Saturday, July 20, 2019

Chicago wowed in 1969 by both moon landing and by watching it on TV

From A Trip to the Moon, a 1902 French film by Georges Méliès.

     This piece ran in the paper last Sunday. As a curious sidelight, after it was published, while looking for moon-related articles to post here, I noticed that I had written a story commemorating the event 20 years ago. While far shorter, the 30th anniversary not being the big deal that 50 is, apparently, it contained a few tidbits that I've worked into the story here, so you're getting a richer stew than the Sunday readers. Interesting, both pieces end with the same quote. When I saw it during my research a few weeks back I instantly thought, "That's the ending," and I guess that's as true now as it was in 1999.

     Sunday, July 20, 1969, was a special day at White Sox park — “Homecoming Day” with Nellie Fox, Al Lopez and “his old gang of cliffhangers,” who’d won the pennant 10 years earlier, returning to be honored between games of a doubleheader against Kansas City.
     The presence of the heroes of 1959 and the sunny, warm weather helped swell the crowd to 17,420, though almost 5,000 of those were unpaid thanks to free tickets given to “A” students.
     There was also that business on the moon that day. News came in the seventh inning of the first game that the Eagle lunar lander had set down on the Sea of Tranquility at 3:18 p.m. Chicago time. Play was halted and the exploding scoreboard set off in celebration. 
     Chicago was in some ways the same, in some ways quite different 50 years ago, when, the necessity of baseball notwithstanding, the city and world were transfixed by the first man to land on the moon. Chicago was more crowded — 3.3 million people, 20 percent more than today. Construction on the John Hancock Building was completed, the Sears Tower not yet begun.
      If you remember the moon landing as a huge, jubilant public celebration, you are mistaken — that was Aug. 13, when the three Apollo astronauts, Neil Armstrong, Edwin “Buzz” Aldrin and Michael Collins, stopped in Chicago for a tickertape parade. Two million packed downtown for it. Never one to leave anything to chance, Mayor Richard J. Daley had requested the visit on July 11 — five days before the Saturn 5 rocket even took off from Florida.
     The day of the landing, the Loop was almost deserted.. Only a few people clustered around TVs in store windows. "Did they see God yet?" asked a little girl. First, it was a Sunday. Second, the moonwalk originally was supposed to take place at 1 a.m. Chicago time.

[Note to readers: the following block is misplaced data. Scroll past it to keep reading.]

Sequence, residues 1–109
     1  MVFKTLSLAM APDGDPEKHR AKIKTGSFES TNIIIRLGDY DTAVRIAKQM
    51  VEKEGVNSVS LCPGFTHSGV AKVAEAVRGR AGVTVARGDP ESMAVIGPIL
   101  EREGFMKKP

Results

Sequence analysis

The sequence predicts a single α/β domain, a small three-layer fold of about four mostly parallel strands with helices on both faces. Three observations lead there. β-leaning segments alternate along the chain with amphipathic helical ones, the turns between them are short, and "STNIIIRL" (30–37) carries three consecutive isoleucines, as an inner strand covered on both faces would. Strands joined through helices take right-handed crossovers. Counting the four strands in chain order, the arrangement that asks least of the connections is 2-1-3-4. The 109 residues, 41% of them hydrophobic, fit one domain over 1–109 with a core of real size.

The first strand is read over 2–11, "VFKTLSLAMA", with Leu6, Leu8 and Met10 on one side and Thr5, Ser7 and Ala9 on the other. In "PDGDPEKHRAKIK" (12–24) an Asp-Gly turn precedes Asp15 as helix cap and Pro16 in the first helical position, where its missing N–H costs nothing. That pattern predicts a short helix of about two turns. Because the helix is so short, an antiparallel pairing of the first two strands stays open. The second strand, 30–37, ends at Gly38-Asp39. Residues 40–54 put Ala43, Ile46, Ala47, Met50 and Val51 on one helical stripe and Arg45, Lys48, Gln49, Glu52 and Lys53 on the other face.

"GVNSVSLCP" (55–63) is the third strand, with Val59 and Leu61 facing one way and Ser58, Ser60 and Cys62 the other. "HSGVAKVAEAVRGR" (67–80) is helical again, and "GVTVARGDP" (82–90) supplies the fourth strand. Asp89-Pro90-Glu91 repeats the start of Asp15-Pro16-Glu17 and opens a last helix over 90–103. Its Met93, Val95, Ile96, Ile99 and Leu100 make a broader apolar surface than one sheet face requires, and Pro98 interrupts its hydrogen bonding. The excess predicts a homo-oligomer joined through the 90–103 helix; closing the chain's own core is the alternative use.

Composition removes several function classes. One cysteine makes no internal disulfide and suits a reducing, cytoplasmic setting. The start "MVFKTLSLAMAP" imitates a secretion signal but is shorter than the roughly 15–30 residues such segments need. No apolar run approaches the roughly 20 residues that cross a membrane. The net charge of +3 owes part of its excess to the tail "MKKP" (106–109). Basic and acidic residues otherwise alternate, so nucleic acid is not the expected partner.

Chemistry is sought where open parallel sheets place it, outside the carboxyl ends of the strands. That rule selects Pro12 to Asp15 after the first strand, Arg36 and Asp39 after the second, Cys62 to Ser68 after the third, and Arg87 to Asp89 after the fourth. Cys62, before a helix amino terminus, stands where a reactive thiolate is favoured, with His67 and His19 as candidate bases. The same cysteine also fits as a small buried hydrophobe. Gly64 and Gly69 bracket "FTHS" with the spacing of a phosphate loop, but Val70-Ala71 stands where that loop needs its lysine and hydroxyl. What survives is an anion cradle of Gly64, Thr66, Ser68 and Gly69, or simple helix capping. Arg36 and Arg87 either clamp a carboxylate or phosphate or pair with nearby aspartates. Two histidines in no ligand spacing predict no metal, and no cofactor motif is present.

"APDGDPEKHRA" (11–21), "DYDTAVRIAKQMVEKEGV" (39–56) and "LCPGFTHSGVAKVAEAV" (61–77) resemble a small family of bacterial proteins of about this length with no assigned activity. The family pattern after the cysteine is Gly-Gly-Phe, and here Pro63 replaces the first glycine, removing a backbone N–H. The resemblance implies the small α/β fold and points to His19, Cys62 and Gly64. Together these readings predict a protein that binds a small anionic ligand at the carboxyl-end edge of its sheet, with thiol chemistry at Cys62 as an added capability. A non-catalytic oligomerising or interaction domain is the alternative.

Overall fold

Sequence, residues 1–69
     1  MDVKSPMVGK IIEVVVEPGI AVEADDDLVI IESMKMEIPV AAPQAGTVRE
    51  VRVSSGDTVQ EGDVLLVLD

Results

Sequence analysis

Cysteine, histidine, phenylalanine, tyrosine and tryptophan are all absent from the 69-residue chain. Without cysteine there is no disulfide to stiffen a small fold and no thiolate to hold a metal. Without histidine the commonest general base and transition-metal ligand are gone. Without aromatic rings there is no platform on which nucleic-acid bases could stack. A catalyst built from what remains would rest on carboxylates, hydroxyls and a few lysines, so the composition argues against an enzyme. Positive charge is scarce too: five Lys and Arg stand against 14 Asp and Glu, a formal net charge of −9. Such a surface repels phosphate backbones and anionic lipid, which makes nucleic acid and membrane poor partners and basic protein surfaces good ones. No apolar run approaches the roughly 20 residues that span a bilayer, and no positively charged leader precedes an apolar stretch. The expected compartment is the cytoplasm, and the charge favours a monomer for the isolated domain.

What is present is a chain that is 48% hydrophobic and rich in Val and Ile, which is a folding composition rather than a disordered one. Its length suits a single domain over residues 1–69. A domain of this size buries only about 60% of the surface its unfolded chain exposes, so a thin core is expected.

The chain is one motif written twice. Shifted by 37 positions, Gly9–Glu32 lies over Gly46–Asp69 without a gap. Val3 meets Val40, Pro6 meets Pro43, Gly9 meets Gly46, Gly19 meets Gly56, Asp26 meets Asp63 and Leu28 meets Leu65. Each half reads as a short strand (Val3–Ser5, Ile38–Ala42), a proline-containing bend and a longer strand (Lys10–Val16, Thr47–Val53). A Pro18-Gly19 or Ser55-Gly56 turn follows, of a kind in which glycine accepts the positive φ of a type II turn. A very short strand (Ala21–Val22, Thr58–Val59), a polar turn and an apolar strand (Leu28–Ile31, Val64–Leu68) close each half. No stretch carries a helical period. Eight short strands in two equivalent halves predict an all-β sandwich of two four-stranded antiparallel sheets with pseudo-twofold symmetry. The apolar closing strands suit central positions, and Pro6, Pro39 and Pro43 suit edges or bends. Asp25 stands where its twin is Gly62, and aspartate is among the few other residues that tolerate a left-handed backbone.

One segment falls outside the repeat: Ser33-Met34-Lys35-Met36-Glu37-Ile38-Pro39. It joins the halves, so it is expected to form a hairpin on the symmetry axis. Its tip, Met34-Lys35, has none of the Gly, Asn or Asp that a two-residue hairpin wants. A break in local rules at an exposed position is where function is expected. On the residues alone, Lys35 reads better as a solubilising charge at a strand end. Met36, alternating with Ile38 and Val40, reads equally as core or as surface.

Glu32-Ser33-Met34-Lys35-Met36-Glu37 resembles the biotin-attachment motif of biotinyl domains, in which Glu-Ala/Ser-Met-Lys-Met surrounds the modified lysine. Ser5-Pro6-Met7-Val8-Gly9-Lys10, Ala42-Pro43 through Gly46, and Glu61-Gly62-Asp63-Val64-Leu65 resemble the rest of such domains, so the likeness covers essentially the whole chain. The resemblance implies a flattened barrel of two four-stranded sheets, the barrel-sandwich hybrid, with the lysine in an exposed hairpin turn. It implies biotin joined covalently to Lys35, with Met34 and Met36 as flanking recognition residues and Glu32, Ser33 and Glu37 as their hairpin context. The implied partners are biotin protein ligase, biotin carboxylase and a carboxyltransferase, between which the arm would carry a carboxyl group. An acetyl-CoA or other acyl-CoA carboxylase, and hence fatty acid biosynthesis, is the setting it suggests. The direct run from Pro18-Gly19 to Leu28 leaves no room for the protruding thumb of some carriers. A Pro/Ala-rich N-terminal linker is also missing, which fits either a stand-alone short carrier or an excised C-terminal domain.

Third, and most importantly, the historic event was happening on the moon. Everyone on earth had the same perspective — as viewers glued to television sets. About as many households had TVs then — 93 percent versus 97 percent now — though the tendency was still to gather with family or friends to solemnize the event and experience history together. The biggest public event was 3,000 people gathering at the Adler Planetarium to watch the landing on their televisions. 

     Perhaps the most common emotion was amazement. Remember, older Chicagoans had memories of the Wright brothers’ first powered flight not quite 66 years earlier, in 1903. So the astonishment was as much about TV’s ability to convey it as with the landing itself.
     ”We were all there, bound together by the miracle of communication that intertwined all the other miracles of technology that marketed man’s first step on a celestial body,” the Chicago Daily News said in an editorial. 

     ”The medium reached its electronic apogee Sunday night by bringing in a picture — a live, moving picture — of astronauts Neil Armstrong and Edwin Aldrin walking on the surface of the moon,” Sun-Times columnist Paul Molloy wrote. “There has been nothing like this in the full history of broadcasting.”
     Not that television was alone in patting itself on the back. The Chicago Tribune ran an editorial, headlined "The Tribune's Own Great Feat," suggesting that its coverage of the landing was an event equal to the landing itself.
But television had the advantage of near-instantaneous coverage. In Northbrook, dozens of moviegoers left just before the end of "Goodbye, Columbus" to watch TVs in the lobby.
     Imagining the hundreds of millions around the world watching, Molloy suspected that “many had to be repeating over and over again: ‘Am I really seeing this? Is it really happening?’”
     That was the reaction of Kathy Slatek and her friends from Morton West High School. ”It was hard to believe it was live,” said Slatek, who was 15. “I couldn’t make it sink in that it was really happening.”
     Steve Dmytriw, 16, and friends from Tuley High School “sat awed” watching TV in their backyard and talked about whether they’d make the journey, given the chance.
      ”I’d go,” Dmytriw said.
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  1. If I remember correctly, Paul Malloy was the Sun-Times TV critic...and a very good one. I had that 7-21-69 edition of the paper, along with the ones that covered the deaths of RFK and MLK. I even had the "Crying Lincoln" edition (with KENNEDY KILLED! on the front page) from 11-23-63. Lost all of them in a mid-Seventies flood.

    That Sunday evening was very warm and humid in the Chicago area, but skies were clear, allowing a fine view of the moon. Many people remember that night as having a full moon, but it wasn't quite full yet. That didn't happen until the following Thursday, July 24th.

  2. I'm with Royko and the other grumps, especially the lady quoted at the end. To me, space travel always seemed expensive, boring and pointless.


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